About Friends Centre
Friends Centre is an independent adult education organisation where people can develop their knowledge, skills, understanding and creativity in a supportive environment. Our learning programme aims to:
- Help learners achieve their aspirations and meet the challenges they face
- Stimulate community interest and involvement
- Promote inclusion, social justice, environmental sustainability and international understanding
Friends Centre was established in 1945 by Brighton Quakers. Throughout the Second World War, the Friends Meeting House was open to evacuees, refugees, troops and anyone else who was far from home. Informal social activities were often arranged. Friends Centre partly grew from these activities, and partly from concern amongst Brighton Quakers that there were few opportunities for local people to meet one another and talk.
'We felt the community would have all kinds of needs, such as meeting together in a search for knowledge and to share ideas, and they would need a place where every colour, creed, religion and social background could come.'
(Margery Sedgwick, Principal from 1945 to 1973 and still Friends Centre President)
In the early days, Friends Centre worked closely with the Workers' Educational Association, local education authority, art gallery and museum, youth service and local music groups to run informal learning events, including talks, discussion groups, music recitals, play readings, and a puppet group. Friends Centre was also involved in social action, calling meetings and study groups on many social issues including the campaign for African independence. Money was short and most of the work was done by volunteers, but by the tenth anniversary, activities were being held every night of the week and Friends Centre had gained a good reputation for putting on interesting talks and adopting an adventurous approach to art, music, poetry and philosophy.
Friends Centre courses gradually became more formalised, paid staff were recruited, and the Centre attracted government funding and accreditation from various educational bodies. Friends Centre outgrew the Friends Meeting House in 2005 and secured new classroom space at Ivory Place and a temporary office in Vine Street. In December 2009 we relocated our Vine St office to Brighton Junction in Isetta Square where we also have 5 new training rooms. Although an independent organisation, Friends Centre still retains the Quaker values of friendship, community, and social justice.
Throughout its history Friends Centre has learned the importance of involving people - learners, volunteers, and other organisations. Learners are an essential part of Friends Centre and contribute their ideas, energy and enthusiasms.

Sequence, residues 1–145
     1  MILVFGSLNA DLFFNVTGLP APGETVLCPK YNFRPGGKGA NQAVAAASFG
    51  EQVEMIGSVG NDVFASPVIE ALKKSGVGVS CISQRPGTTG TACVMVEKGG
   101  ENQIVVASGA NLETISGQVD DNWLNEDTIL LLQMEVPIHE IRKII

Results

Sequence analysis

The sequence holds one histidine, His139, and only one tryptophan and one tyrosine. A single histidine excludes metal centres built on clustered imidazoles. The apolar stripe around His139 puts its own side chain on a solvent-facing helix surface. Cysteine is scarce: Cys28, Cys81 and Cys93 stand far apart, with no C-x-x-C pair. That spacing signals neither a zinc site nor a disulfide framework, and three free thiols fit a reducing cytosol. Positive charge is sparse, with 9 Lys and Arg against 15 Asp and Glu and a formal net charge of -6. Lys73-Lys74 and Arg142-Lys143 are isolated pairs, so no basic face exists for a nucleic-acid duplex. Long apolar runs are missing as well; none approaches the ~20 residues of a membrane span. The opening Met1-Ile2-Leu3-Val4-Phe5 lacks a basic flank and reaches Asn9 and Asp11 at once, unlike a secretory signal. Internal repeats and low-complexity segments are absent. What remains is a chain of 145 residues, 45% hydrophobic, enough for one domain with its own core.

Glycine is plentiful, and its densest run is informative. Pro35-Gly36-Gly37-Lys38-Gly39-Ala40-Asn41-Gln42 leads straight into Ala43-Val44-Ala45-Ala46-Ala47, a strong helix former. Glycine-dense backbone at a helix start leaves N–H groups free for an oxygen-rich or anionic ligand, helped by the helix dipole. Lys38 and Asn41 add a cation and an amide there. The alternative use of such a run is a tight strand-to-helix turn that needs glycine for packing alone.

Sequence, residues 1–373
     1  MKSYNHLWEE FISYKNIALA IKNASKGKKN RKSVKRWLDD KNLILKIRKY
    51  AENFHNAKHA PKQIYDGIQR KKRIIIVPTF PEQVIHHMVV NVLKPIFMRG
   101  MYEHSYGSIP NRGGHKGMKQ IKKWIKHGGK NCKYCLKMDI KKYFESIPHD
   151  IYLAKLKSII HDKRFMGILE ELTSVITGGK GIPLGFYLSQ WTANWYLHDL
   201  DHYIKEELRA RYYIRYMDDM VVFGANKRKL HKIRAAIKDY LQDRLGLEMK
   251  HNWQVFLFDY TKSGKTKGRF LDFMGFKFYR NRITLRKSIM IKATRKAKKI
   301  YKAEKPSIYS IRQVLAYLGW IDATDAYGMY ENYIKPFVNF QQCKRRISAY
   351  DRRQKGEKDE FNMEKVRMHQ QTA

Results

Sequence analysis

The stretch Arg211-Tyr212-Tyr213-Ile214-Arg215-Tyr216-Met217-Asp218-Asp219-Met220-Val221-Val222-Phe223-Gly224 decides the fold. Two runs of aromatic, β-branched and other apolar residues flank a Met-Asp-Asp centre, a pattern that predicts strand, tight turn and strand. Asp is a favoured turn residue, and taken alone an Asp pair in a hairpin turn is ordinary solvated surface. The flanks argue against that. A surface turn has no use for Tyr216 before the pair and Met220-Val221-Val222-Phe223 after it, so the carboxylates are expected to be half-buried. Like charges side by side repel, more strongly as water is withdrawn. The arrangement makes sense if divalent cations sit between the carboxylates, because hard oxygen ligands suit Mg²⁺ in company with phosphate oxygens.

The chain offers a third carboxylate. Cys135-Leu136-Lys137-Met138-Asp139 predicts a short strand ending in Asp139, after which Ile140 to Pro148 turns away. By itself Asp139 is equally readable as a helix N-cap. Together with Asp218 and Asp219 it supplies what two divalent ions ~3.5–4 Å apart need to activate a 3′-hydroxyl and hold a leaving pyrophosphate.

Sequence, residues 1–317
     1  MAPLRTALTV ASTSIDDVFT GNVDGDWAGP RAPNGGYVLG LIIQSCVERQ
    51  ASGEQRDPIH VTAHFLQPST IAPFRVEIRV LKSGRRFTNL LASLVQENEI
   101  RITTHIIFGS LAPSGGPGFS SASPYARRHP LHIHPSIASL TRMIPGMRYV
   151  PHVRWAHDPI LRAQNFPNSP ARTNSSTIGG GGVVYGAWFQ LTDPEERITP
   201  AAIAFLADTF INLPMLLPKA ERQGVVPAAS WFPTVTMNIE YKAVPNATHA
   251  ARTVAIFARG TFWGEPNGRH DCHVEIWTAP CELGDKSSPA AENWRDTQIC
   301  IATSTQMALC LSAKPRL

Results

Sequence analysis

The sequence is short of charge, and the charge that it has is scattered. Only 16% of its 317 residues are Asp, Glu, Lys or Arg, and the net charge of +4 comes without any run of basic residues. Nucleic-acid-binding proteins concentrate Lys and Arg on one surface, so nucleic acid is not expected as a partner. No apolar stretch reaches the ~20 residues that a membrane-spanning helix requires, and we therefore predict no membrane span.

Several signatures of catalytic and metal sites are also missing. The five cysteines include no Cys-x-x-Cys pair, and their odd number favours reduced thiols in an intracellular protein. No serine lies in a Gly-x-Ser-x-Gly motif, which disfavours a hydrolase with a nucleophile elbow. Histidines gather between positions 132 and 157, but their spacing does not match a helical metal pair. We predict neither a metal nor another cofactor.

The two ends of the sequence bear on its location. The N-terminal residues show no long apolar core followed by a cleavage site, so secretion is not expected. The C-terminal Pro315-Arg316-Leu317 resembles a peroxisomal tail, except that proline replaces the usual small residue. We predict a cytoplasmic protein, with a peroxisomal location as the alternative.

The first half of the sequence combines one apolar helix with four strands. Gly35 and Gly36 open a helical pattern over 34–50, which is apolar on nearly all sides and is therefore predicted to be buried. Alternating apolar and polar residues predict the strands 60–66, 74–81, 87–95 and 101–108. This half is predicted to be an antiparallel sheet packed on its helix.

We have always welcomed volunteers to support individual learners in meeting their goals.
We work with many community partners who help us plan our programmes by identifying community and learning needs.
Friends Centre is a registered charity and a company limited by guarantee.
Fashion Tutor publishes book on Sewing Machine
Our dressmaking tutor, Julia Hincks has published a book on the Overlocker sewing machine! The overlocker is a type of sewing machine which is used for trimming and edge finishing fabrics. Itís perfect for seam and hem finishing as it creates a professional finish which you just donít get on a normal sewing machine' Click here for more details.
New Skills & Training Courses for Adults
Our new brochure for Skills & Training for adults is now available. Courses range from communication skills to the more vocational ĎConfidence and Self Esteemí and ĎAssessing Vocational Achievementí. We are also able to offer bespoke programmes and for businesses. Click here for more details.
Friends Centre Craft Fair at St Bartholomews Church
We had a great time at our Christmas Craft fair on 30th November, you can see the picture on our facebook page! Click here to see the photos!
ESOL Volunteer publishes first book!
Bob Cant, an ESOL volunteer at Friends Centre, has just published his first novel. Something Chronic is the story of a man who wakes up after twenty years of sleeping sickness and tries to make sense of the world around him. It belongs to the school of Scottish magic realism.
Bob says: 'I have been working on this novel for years but joining a creative writing class with Rebecca Duffy at Friends Centre was the kick start it needed to make it suitable for publication.'It is now available for immediate purchase online (£8.99) Click here for more details.
Sign up to our mailing list!
You can now receive email updates from the Friends Centre straight to your inbox! Just click the link below and we'll send you info about new courses as soon as they're confirmed on the website! Click here to sign up!
Co-op Funding for Volunteer Training
At Friends Centre we rely heavily on our volunteer learning support assistants. We currently have forty people working in classrooms supporting our learners.
We have received a very generous grant from the Co-operative Community Fund which is enabling us to provide valuable training for our volunteers. On the 25th September, 19 of our classroom volunteers attended a training event at our Brighton Junction base. A further Co-op funded training event is planned for January.
We would like to say a big thank you to the Co-op Community Fund for making these training days possible. Click here for more details on The Co-op Community Fund.
Friends Centre are looking to appoint 2 or 3 new trustees to join the board
Click here for more details.
Volunteer Confidential Clerk
We are also looking for a Volunteer Confidential Clerk to the Board of Trustees Click here for more details.
Friends Centre has made a pledge to the Thumbs up Scheme
Click here for more details.